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Zebu and SableCC (was Re: Simple SableCC Example)

"Etienne M. Gagnon" wrote:
> Andrew Cooke wrote:
> > So, for the record, the URL is
> > http://www.andrewcooke.free-online.co.uk/jara/egg/index.html
> > The code is pretty old, but no-one has told me that it does not work
> > with recent SableCC versions.
> Is there any problem with the current SableCC?  I'd like to know if I
> have introduced any non-backward compatible change.

If anyone complains, I'll let you know!

> > (Using, these days, a similar program written in Lisp, called Zebu -
> > it's interesting to see how the two languages influence the API...)
> Do you have a short summary of the differences?

I am no expert on this, and it is a long time since I used SableCC, so
forgive me if I use the wrong terms or make stupid mistakes...

For those who have not used the language, Lisp types are strong and
dynamic (Java tries to be strong and static, although it fails slightly,
which is why you can have class cast exceptions).  Although Lisp has
sophistcated OO aspects these are "optional" - unlike Java, it is
possible to write programs without using classes or methods.  Also, the
difference between code and text is not as clear as in Java (for
example, the routine that reads a file is also the routine that reads

So, how do those differences make Zebu and SableCC different?  Looking
at an old SableCC grammar file, to refresh my memory:

- in both you can define regexps to help in the inital lexing, although
Zebu's regexp isn't very complete (something I'm working on).

- when building the tree, Zebu can work in two ways:

1. at its simplest, you can specify what action is taken for each
production.  This can be arbitrary Lisp code, but defaults support
creating structures with named slots.  The nearest equivalent in Java
would be classes with public instance variables.

2. alternatively, the grammar can be pre-processed (via Zebu, using a
pre-defined grammar).  This restricts you to structures with slots - the
advantage is that the mapping is reversible, and the equivalent of
toString methods are generated for the structures, so that the AST will
"print itself" (ie the "toString methods" recurse through sub

- there is no tree-walking code provided in Zebu, but a separate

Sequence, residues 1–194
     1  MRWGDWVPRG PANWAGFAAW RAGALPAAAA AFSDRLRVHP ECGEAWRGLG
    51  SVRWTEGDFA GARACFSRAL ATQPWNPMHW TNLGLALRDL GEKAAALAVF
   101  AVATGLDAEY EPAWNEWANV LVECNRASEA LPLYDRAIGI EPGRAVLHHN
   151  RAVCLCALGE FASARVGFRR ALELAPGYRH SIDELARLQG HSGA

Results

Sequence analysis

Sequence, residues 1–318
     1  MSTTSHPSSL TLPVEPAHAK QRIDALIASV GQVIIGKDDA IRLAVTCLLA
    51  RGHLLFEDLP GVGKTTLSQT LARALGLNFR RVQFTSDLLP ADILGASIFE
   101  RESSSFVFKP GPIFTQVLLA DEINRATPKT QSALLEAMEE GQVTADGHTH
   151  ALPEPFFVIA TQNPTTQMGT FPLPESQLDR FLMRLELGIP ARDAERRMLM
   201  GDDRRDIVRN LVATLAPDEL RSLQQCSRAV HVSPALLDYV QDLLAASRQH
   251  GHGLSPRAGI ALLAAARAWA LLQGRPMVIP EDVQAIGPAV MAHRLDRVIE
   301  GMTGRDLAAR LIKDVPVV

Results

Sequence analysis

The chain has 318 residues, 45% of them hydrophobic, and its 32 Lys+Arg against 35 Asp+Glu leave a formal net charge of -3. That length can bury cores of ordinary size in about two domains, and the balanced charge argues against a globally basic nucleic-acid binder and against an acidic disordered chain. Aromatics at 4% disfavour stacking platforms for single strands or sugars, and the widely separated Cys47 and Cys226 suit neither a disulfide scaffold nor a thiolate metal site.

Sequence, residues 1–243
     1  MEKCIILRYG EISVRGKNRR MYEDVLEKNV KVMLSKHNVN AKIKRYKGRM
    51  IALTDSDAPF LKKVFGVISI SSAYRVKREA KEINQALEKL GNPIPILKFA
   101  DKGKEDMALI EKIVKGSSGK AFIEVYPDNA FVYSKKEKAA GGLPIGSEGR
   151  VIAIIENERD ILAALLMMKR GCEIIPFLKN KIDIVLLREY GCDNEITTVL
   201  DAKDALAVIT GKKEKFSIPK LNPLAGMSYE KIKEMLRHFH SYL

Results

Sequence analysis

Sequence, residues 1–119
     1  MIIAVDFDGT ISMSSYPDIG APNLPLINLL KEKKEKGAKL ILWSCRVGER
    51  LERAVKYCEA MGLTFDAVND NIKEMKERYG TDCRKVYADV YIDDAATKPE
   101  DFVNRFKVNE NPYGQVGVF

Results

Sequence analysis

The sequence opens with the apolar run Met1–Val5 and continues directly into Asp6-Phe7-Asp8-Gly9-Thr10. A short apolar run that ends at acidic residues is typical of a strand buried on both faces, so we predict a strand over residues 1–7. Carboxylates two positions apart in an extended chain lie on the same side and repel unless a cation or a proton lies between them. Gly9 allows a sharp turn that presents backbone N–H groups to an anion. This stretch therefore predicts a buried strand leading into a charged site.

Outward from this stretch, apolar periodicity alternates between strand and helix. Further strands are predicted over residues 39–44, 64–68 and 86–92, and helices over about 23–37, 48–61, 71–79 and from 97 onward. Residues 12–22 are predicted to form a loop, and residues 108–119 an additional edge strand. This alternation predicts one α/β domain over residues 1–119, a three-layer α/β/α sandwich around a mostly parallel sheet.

package, called Zebu-RR  lets you define transforms as a
collection of rules.  The rules are applied to the tree (either top-down
or bottom-up) to modify the structure.

So how different are they?

Although structures are used in Zebu rather than classes, the structures
still have a hierarchy (sub structures include the slots defined for
super-structures).  So the main difference between the AST generated by
the two programs is that SableCC has stronger data encapsulation - it is
very difficult to *enforce* encapsulation in Lisp, and apparently there
is little tradition of trying.

Both Zebu and Zebu-RR are more flexible, in that arbitrary code can be
specified and executed.  This reflects the weak division between code
and data in Lisp - even if SableCC wanted to include arbitrary code for
productions in the grammar file (and I presume it does not!), it would
be difficult to program in Java.

So generally, Zebu is more flexible, but SableCC is much safer.  I would
say that reflects the two languages and the different design aims. 
SableCC, as I understand it, is intended to produce reliable results. 
Zebu, I gather, was intended for explorative work in translating formal
languages (hence Zebu-RR, with re-writing rules, and the support for
self-printing code).  

Because they have such different aims, I don't think either has much to
learn from the other, although a version of Zebu-RR for SableCC would be
interesting - but it's difficult to see how to do the equivalent in Java
(that's the price you pay for a more secure language).  Or maybe the 
Java equivalent is the tree-walking support included in SableCC.

I hope that helps.  Zebu is LALR(1) (I think SableCC is too?).  

If anyone is interested I can dig out locations for Zebu and Zebu-RR (at
the moment Zebu is unsupported - I am planning to release a new version
with better regular expression support some time early next year, but
only because no-one else is doing so.  The latest version I know of is